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I have a laptop with a fold back display (Toshiba Satellite P50W). When I fold it all the way back it acts more like a tablet, however the keyboard is still active an easy to bump keys on.

I'm pretty sure these laptops have a sensor on the hinge so they can tell they are folded back and cause the keyboard to disable / go into tablet mode. This doesn't appear to work in Ubuntu. I haven't been able to find where such a sensor would be in Linux (doesn't seem to show up in the ACPI code, or in dmesg).

Does anyone know how to get it to work in Ubuntu?

  • The Lenovo Yoga line also has a similar hinge and appears not to be currently supported - see askubuntu.com/questions/812508/… – Robert Ancell Jan 3 '17 at 7:01
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    The first step is to run acpi_listen to see if a signal is sent when your laptop is morphed into a tablet. After that it's straight forward to disable keyboard and reenable when it morphs back from tablet to laptop. – WinEunuuchs2Unix Jan 3 '17 at 7:11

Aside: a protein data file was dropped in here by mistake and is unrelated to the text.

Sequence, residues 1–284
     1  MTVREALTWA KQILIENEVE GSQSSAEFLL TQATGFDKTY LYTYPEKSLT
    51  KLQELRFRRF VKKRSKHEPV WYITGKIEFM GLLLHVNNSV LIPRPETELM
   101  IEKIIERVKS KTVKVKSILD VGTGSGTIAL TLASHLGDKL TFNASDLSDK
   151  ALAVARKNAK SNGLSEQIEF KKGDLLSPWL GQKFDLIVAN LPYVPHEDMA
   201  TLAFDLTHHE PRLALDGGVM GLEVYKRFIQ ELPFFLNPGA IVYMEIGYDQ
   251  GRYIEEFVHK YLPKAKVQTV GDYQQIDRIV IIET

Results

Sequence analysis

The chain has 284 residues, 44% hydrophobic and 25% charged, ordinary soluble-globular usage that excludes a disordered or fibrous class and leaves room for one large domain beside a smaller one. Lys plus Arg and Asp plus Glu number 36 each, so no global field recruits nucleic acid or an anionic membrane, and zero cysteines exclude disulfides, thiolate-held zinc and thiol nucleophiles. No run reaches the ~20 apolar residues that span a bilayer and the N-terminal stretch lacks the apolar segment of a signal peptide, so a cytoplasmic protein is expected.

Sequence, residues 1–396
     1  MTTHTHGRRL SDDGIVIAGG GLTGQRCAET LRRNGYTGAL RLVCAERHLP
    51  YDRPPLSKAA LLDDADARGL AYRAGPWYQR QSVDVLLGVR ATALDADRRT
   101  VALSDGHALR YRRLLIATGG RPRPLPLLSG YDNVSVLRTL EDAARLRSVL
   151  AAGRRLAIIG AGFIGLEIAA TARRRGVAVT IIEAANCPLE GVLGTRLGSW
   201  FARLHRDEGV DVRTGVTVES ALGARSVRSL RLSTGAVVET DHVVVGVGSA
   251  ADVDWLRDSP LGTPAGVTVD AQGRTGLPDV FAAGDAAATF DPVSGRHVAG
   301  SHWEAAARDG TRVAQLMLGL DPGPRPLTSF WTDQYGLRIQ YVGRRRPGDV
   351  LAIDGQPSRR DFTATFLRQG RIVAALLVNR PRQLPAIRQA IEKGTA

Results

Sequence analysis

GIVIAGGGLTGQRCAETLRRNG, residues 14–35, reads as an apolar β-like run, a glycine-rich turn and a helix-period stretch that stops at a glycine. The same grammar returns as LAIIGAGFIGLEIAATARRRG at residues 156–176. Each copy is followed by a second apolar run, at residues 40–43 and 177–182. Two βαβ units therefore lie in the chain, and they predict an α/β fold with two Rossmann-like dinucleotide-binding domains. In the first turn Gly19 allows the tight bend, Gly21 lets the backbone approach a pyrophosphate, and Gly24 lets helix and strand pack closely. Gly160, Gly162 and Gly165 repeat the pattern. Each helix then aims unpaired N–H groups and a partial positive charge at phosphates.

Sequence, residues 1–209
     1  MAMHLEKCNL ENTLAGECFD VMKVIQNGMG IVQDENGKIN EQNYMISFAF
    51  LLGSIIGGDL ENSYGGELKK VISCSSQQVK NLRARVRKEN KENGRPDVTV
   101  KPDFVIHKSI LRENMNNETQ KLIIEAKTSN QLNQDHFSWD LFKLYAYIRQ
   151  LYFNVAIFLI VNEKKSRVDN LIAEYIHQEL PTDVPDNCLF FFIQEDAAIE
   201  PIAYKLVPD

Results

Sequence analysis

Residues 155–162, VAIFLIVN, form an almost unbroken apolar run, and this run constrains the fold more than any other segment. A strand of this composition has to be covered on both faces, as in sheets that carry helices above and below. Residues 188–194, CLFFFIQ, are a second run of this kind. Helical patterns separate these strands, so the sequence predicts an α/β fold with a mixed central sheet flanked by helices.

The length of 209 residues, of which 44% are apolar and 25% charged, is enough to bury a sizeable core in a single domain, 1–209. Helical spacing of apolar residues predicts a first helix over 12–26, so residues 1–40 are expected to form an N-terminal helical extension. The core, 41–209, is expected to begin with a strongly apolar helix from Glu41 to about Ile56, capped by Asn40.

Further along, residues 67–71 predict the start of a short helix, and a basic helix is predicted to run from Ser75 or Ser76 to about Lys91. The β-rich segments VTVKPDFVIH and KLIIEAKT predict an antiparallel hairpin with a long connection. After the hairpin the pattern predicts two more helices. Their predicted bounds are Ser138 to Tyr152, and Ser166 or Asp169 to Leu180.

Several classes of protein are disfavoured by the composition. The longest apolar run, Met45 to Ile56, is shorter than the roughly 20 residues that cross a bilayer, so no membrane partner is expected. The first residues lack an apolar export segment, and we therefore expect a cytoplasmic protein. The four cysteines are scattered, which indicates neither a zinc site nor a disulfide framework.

• I had tried acpi_listen and I don't seem to get any event. – Robert Ancell Jan 4 '17 at 21:41
  • Do you get events listed for lid close and open, ie suspend & resume? – WinEunuuchs2Unix Jan 4 '17 at 22:44
  • Yes. I'm not sure if the events go over some other bus or there needs to be kernel support for this event (or even if it doesn't exist at all?) – Robert Ancell Jan 7 '17 at 20:31
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I have the following script to disable my laptop keyboard (as a file in ~/.local/bin/disable_laptop_keyboard)

#!/bin/bash
KeyboardID=`xinput --list | grep "AT Translated Set 2 keyboard" | sed 's/[^=]*=\([1-9]*\).*/\1/'`
sudo xinput set-int-prop $KeyboardID "Device Enabled" 8 0

And then I have a similar enable_laptop_keyboard file where the only difference is that it says 8 1 instead of 8 0 on the last line.

You will just have to figure out which string identifies the keyboard that you want to disable. In my case it is "AT Translated Set 2 keyboard". If you first run xinput --list | grep keyboard you should be able to find out what your keyboard is called.

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